Generic Medicine Info
Indications and Dosage
Hormone receptor positive, HER2-negative locally advanced carcinoma of breast, Hormone receptor positive, HER2-negative metastatic carcinoma of breast
Adult: In combination with an aromatase inhibitor as initial endocrine-based therapy; or in combination with fulvestrant in postmenopausal women, as initial endocrine-based therapy or following disease progression on endocrine therapy: 600 mg once daily preferably in the morning for 21 days, followed by 7 days off treatment to complete a 28-day cycle. Continue until disease progression or unacceptable toxicity. Pre-/perimenopausal women should also be treated with luteinising hormone-releasing hormone (LHRH) agonist. Dose reduction, dosing interruption, or discontinuation may be required according to individual safety or tolerability (refer to detailed product guideline).
Special Patient Group
Patient taking strong CYP3A4 inhibitors: Reduce dose to 400 mg once daily for 21 days, followed by 7 days off treatment, to complete a 28-day cycle. Further reduce to 200 mg once daily in those who already had their dose decreased to 400 mg once daily due to adjustments for individual safety or tolerability.
Hepatic Impairment
Moderate or severe (Child-Pugh class B or C): Reduce initial dose to 400 mg once daily for 21 days, followed by 7 days off treatment, to complete a 28-day cycle.
May be taken with or without food. Take at the same time each day, preferably in the morning. Swallow whole, do not chew/crush/split.
Pregnancy and lactation.
Special Precautions
Patient with QTc prolongation or significant risk factors for developing QTc prolongation (e.g. electrolyte abnormalities, long QT syndrome; uncontrolled or significant cardiac disease, including recent MI, CHF, unstable angina and bradyarrhythmias). Initiate treatment only in patients with QTcF values <450 milliseconds. Not recommended to be used with tamoxifen. Patients taking concomitant strong CYP3A4 inhibitors. Severe renal and moderate to severe hepatic impairment.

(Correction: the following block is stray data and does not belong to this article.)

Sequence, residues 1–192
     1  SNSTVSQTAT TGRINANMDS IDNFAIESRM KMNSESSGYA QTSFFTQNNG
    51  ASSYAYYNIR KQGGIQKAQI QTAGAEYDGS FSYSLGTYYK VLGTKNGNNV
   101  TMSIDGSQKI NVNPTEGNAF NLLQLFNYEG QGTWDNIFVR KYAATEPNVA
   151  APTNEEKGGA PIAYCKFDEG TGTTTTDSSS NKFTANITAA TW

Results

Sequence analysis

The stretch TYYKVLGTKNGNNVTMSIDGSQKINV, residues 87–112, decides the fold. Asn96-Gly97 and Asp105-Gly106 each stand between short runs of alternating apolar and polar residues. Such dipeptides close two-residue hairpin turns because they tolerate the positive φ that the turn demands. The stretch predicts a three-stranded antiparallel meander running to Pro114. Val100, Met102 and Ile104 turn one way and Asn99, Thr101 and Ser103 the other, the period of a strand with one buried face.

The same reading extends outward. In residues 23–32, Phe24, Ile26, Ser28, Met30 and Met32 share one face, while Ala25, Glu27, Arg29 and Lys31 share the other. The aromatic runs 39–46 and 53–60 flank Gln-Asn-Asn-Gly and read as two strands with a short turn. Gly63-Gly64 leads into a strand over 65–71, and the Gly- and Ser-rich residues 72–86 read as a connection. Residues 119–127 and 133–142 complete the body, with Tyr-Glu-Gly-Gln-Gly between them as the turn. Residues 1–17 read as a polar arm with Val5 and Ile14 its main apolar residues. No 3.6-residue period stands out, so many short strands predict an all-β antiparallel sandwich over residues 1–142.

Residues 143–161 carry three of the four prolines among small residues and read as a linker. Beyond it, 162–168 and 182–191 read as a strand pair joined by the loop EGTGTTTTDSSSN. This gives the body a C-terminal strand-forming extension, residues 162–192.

Adverse Reactions
Significant: Bone marrow suppression (e.g. neutropenia, anaemia, lymphopenia, thrombocytopenia), hepatobiliary toxicity (e.g. increased ALT and/or AST), QT prolongation (concentration-dependent).
Blood and lymphatic system disorders: Leucopenia, febrile neutropenia.
Ear and labyrinth disorders: Vertigo.
Eye disorders: Increased lacrimation, dry eye.
Gastrointestinal disorders: Nausea, diarrhoea, vomiting, constipation, stomatitis, abdominal pain, dry mouth, dyspepsia, oropharyngeal pain, gastroenteritis, dysgeusia.
General disorders and administration site conditions: Fatigue, peripheral oedema, asthenia, pyrexia.
Investigations: Abnormal LFTs, increased blood creatinine and gamma-glutamyltransferase.
Metabolism and nutrition disorders: Decreased appetite, hypocalcaemia, hypokalaemia, hypophosphataemia.
Musculoskeletal and connective tissue disorders: Back pain, arthralgia.
Nervous system disorders: Headache, dizziness.
Psychiatric disorders: Insomnia.
Renal and urinary disorders: Urinary tract infection.
Respiratory, thoracic and mediastinal disorders: Dyspnoea, cough, respiratory tract infection.
Skin and subcutaneous tissue disorders: Alopecia, rash, pruritus, erythema, dry skin, vitiligo.
Vascular disorders: Syncope.
Potentially Fatal: Interstitial lung disease, pneumonitis; severe cutaneous adverse reactions (including Stevens-Johnson syndrome, toxic epidermal necrolysis, and drug reaction with eosinophilia and systemic symptoms).
Patient Counseling Information
This drug may cause fatigue, dizziness or vertigo, if affected, do not drive or operate machinery.
Monitoring Parameters
Evaluate pregnancy status (in females of reproductive potential) prior to treatment initiation. Hepatitis B virus screening with hepatitis B surface antigen, hepatitis B core antibody, total Ig or IgG, and antibody to hepatitis B surface antigen is recommended before or at the beginning of systemic anticancer therapy. Obtain CBC and LFTs prior to treatment, every 2 weeks for the 1st 2 cycles, at the start of each subsequent 4 cycles, then as clinically indicated; renal function tests at baseline; serum electrolytes (including K, Mg, Ca, and phosphorus) before treatment, at the beginning of the 1st 6 cycles, and as clinically necessary. Correct electrolyte disturbances prior to therapy initiation. Perform ECG before beginning treatment, repeated on day 14 of the 1st cycle and at the start of the 2nd cycle, then as clinically indicated. Check ECG more frequently if QTcF is prolonged at any time during therapy. Monitor for signs and symptoms of dermatologic toxicity and interstitial lung disease/pneumonitis.